Bezos faced a few questions after his opening statement, possibly due to a technical difficulty with his video feed. Representative Pramila Jayapal asked Bezos if the company uses data from third-party sellers to make sales decisions. In a previous hearing, an Amazon executive denied this under oath and was contradicted by a subsequent report. Bezos was also asked if the online giant favors its own products when prioritizing certain shipments during the pandemic.
Bezos, the richest man in the world, relied heavily on his life story in his opening statement, noting that his mother was “a 17 year old high school student” and that his adoptive father is an immigrant. Cuban. “Amazon’s success was anything but predetermined,” he said before noting that the company had invested $ 270 billion in the United States over the past decade and created hundreds of thousands of jobs. .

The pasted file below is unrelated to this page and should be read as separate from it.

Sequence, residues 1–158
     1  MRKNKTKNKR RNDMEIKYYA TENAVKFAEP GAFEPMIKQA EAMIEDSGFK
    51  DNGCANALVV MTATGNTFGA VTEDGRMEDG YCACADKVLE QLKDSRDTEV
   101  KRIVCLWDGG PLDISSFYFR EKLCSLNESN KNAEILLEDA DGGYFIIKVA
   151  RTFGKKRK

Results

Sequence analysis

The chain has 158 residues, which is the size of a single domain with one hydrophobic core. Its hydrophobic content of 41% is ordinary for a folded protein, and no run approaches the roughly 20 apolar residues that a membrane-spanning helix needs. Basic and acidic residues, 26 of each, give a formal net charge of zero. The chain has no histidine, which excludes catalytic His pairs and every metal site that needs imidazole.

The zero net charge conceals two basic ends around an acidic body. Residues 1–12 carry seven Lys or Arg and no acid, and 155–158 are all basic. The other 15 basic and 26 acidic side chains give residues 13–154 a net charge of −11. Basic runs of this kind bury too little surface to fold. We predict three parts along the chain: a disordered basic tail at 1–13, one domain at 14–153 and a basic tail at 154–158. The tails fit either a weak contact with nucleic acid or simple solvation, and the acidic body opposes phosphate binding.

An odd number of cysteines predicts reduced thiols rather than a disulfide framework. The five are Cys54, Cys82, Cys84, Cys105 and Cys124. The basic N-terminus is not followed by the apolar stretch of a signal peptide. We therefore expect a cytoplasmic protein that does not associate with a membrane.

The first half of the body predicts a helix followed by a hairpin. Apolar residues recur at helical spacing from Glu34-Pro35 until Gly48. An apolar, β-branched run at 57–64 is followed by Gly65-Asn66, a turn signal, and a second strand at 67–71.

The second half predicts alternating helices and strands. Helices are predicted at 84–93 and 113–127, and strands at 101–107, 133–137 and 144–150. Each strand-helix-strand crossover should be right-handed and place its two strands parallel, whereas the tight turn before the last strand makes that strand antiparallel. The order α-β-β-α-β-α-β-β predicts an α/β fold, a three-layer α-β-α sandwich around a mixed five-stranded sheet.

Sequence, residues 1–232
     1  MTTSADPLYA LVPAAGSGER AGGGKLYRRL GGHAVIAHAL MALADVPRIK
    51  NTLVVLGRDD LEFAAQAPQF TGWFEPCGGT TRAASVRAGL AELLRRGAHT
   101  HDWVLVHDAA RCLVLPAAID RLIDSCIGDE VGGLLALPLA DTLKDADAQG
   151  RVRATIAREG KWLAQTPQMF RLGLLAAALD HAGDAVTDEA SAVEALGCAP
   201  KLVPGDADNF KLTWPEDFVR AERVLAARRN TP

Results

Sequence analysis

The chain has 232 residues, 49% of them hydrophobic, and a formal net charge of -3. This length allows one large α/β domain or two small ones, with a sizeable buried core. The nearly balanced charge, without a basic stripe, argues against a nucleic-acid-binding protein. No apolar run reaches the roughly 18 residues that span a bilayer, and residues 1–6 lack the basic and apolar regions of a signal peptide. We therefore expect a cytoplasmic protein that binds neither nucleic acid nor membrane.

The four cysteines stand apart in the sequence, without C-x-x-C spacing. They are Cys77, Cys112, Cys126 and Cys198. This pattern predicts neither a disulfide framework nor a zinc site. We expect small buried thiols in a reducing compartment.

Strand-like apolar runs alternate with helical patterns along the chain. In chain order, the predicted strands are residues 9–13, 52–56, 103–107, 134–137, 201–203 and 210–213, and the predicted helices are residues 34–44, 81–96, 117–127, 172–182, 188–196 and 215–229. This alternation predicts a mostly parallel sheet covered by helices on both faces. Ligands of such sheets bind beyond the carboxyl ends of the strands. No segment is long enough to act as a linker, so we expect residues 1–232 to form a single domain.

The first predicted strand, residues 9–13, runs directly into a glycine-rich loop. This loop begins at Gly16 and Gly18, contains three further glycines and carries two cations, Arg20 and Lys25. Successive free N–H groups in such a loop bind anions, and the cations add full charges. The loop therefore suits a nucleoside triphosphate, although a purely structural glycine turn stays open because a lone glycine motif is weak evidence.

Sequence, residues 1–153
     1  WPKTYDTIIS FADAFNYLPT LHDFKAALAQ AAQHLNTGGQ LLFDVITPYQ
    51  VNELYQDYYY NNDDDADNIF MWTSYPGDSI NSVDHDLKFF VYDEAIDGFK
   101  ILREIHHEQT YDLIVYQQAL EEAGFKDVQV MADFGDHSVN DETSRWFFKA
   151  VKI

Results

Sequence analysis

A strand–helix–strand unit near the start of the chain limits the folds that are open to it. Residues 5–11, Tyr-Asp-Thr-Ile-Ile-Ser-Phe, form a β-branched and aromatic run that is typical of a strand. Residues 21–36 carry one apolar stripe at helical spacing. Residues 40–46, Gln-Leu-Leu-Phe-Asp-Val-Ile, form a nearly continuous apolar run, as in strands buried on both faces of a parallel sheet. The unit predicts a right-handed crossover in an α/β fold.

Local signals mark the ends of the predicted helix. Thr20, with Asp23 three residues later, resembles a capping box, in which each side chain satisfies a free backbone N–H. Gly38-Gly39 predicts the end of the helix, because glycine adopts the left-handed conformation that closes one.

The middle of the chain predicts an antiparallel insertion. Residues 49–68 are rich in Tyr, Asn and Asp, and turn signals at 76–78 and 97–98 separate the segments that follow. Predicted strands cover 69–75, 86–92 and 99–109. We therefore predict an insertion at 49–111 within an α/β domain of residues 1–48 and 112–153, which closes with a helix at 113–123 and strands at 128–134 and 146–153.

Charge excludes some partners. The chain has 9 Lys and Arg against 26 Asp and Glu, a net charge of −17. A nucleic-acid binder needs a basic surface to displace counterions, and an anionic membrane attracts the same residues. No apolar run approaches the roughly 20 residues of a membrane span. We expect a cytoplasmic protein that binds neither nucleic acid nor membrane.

Zuckerberg also argued that Facebook “has arrived the American way.”
“We started with nothing and delivered better products that people find valuable. If I understand our laws correctly, businesses are not bad just because they are big. Many large companies that are not competitive cease to exist, ”he said.
Cook, the Apple CEO, was effectively questioned by Rep. Hank Johnson of Georgia, who said the investigation raised concerns that the rules governing the App Store review process were failing. are not available to application developers. “The rules are made over time and subject to change – and Apple expects developers to accept the changes or leave the App Store,” Johnson said. “It’s a huge amount of energy.”